“I already had an affinity to KU because I studied here as an undergrad,” Deer said. “Both of my parents attended KU.”
After law school, Deer worked at the U.S. Department of Justice in Washington, D.C. and at the Tribal Law and Policy Institute in Los Angeles as a victim-advocacy legal specialist and staff attorney. She also co-directed the Indian Law Clinic at the Mitchell Hamline School of Law in Saint Paul, Minnesota.
In 2016, she served as the Langston Hughes Visiting Professor at KU.
“In the Fall of 2016, I returned to Lawrence as a visiting faculty member as part of the Langston Hughes program,” Deer said. “I enjoyed my time in Lawrence and working with other KU faculty. I was fortunate enough to be offered a permanent position at the College of Liberal Arts and Sciences. My positive experience with students made it an easy decision to return to KU.”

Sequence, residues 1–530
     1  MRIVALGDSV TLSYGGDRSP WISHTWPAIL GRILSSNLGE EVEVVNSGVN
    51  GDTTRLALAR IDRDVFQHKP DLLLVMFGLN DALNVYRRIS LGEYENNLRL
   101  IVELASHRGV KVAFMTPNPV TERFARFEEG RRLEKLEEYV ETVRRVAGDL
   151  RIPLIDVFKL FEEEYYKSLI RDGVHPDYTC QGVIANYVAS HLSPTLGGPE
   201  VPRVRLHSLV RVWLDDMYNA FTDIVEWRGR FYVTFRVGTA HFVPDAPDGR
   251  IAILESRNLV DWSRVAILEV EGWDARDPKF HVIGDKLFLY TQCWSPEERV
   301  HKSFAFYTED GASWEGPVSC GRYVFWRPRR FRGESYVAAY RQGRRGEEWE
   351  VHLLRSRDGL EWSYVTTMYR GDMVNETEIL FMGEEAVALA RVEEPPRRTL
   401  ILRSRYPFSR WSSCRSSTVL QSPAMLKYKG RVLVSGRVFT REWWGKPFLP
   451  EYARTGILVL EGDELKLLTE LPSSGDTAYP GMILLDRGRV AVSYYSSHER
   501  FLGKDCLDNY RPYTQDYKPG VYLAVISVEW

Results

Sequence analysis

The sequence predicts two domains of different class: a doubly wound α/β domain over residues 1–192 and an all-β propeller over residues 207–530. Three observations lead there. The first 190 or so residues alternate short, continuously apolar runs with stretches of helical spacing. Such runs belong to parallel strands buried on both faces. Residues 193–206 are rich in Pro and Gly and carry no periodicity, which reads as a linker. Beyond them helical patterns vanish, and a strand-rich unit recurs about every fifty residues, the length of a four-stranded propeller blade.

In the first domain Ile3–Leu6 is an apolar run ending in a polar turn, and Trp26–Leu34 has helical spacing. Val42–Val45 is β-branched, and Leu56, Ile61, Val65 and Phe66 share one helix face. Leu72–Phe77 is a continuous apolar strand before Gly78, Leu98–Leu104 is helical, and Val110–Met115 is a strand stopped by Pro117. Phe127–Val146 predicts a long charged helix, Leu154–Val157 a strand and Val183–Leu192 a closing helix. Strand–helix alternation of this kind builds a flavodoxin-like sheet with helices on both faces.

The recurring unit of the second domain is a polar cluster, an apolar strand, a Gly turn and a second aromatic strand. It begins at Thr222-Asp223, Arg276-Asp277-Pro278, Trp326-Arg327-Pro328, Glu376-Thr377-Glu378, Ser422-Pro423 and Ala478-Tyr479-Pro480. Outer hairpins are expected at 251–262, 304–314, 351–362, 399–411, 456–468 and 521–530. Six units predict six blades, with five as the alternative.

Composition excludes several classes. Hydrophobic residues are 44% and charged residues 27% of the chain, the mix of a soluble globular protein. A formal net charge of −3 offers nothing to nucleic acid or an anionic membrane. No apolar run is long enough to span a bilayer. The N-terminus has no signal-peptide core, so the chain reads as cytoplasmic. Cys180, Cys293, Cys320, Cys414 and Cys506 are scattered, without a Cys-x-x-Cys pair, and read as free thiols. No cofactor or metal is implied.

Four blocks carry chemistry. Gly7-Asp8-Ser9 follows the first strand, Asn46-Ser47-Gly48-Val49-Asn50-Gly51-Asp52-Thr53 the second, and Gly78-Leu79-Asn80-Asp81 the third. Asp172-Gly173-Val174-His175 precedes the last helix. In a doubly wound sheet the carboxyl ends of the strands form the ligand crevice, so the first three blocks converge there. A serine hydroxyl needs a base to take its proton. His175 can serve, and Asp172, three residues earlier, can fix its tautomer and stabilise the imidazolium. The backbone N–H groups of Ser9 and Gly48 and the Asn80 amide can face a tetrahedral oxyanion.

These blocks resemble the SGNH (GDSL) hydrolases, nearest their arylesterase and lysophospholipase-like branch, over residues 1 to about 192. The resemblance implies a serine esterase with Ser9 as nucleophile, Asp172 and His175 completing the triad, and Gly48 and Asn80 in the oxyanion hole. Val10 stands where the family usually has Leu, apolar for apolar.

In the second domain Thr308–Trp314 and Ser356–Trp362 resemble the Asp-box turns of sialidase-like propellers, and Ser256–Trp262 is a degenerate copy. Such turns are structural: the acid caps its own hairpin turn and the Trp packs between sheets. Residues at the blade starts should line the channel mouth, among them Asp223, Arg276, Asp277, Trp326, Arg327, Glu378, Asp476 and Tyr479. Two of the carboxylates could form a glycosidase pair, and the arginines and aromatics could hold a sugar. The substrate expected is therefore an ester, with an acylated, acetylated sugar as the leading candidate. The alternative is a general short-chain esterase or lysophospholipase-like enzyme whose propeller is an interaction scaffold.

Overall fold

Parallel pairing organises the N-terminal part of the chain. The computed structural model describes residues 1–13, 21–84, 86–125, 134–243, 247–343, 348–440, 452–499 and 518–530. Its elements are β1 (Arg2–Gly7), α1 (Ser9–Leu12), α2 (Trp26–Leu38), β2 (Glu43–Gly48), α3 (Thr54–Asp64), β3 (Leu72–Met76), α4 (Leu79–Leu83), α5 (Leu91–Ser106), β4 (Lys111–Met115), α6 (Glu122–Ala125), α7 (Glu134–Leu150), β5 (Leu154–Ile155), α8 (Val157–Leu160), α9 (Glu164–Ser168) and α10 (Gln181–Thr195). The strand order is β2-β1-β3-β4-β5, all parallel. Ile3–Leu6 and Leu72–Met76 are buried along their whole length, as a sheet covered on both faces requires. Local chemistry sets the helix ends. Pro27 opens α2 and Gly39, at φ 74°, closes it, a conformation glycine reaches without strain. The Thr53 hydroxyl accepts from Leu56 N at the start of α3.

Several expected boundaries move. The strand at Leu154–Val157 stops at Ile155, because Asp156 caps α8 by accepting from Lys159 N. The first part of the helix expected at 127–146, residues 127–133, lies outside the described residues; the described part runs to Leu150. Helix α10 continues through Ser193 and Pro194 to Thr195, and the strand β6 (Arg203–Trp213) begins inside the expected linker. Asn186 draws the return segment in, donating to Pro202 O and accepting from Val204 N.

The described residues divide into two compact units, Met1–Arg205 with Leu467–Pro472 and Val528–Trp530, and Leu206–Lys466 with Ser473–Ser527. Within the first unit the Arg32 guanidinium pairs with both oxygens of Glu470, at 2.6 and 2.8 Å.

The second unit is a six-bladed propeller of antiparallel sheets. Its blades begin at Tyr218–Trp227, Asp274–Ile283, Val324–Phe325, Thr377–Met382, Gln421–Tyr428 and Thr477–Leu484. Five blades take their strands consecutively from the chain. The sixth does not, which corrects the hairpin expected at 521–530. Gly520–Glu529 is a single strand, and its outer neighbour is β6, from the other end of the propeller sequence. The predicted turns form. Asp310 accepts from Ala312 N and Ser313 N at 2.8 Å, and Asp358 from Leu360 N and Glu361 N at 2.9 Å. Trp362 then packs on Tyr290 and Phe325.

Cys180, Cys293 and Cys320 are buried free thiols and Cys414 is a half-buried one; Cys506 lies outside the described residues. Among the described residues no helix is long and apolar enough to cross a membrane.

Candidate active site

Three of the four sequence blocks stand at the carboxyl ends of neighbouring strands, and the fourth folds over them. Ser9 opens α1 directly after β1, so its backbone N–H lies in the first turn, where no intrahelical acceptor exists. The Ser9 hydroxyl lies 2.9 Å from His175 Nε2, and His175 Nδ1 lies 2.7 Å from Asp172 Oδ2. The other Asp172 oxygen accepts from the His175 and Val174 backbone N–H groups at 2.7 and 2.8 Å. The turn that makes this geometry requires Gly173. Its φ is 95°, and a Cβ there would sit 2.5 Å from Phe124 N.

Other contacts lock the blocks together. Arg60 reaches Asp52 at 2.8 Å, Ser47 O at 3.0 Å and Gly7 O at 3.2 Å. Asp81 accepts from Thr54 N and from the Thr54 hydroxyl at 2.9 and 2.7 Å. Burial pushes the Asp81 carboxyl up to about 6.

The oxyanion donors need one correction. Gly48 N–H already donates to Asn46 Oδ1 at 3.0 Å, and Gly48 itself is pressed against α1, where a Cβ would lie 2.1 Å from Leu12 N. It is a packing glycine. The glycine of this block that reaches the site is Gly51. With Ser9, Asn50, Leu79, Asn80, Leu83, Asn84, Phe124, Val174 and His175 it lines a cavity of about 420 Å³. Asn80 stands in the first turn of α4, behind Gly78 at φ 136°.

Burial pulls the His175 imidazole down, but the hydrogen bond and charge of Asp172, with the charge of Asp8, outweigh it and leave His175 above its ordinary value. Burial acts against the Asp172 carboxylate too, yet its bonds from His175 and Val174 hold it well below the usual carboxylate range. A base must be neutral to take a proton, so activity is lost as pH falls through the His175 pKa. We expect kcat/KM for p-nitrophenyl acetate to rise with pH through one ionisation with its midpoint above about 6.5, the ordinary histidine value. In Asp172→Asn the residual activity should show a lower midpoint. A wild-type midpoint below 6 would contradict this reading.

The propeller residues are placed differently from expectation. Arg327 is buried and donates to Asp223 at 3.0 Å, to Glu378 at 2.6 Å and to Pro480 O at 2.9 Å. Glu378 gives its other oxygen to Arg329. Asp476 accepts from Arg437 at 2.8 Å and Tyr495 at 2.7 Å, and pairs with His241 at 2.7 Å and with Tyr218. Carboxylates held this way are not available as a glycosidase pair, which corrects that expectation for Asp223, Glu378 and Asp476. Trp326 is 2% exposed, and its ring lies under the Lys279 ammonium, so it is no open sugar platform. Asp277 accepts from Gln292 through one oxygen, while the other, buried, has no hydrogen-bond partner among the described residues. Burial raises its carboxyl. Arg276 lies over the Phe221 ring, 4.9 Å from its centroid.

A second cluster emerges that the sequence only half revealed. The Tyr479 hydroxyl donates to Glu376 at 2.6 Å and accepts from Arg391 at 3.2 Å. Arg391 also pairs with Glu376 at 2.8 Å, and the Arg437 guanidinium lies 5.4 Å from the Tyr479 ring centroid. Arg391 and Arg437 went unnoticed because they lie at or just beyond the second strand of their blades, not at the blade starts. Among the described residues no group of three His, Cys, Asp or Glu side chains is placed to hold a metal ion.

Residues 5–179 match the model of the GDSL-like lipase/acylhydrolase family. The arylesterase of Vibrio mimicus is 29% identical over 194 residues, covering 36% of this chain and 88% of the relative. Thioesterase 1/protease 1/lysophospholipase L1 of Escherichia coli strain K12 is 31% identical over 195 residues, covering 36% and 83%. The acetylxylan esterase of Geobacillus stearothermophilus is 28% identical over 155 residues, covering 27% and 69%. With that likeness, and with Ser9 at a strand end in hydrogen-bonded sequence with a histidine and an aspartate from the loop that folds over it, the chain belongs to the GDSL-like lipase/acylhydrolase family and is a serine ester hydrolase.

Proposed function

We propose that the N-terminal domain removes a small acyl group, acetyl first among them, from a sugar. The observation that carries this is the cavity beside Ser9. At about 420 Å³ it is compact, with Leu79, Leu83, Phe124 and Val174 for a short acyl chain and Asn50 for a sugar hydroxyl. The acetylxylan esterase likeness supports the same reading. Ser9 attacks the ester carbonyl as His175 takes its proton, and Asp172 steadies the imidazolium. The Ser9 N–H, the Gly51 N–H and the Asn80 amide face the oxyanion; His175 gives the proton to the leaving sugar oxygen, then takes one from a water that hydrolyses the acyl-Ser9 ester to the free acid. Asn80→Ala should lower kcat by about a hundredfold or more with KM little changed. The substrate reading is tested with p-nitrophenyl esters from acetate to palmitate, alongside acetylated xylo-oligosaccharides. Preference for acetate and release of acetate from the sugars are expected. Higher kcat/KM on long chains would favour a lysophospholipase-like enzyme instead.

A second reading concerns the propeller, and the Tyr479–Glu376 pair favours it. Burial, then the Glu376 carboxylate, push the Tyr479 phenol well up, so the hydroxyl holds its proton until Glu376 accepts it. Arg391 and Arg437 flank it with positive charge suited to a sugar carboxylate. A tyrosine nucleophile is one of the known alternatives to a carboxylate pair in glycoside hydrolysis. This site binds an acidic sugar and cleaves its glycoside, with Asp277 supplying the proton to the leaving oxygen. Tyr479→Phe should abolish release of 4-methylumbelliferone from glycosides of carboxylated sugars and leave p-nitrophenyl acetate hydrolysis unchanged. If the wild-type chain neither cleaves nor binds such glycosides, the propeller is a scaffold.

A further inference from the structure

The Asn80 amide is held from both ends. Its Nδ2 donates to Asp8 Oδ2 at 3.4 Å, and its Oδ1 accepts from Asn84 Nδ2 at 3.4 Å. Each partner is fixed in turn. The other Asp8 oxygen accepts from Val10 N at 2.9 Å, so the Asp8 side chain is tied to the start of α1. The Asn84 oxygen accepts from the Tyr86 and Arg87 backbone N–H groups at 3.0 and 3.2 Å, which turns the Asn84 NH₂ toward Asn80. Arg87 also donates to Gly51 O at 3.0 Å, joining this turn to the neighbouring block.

Deer is now a University Distinguished Professor in KU’s Department of Women, Gender & Sexuality Studies. She has a joint appointment in the School of Public Affairs & Administration and is a courtesy professor at KU Law.
“I like sharing my own experiences as a graduate of KU, and I encourage students to dream big,” Deer said.
Deer was awarded a “Genius Grant” from the MacArthur Fellows Program in 2014. She was inducted into the National Women’s Hall of Fame in 2019. She was the first woman from KU and the fifth Kansan to receive the honor. Earlier this year, she was selected to be in the 2020 class of Andrew Carnegie Fellows. Through the fellowship, Deer will author a book, Indigenous Democracies: Native Women and the Future of Tribal Nations in the United States, about the basis of indigenous democracies in Native women’s political activism.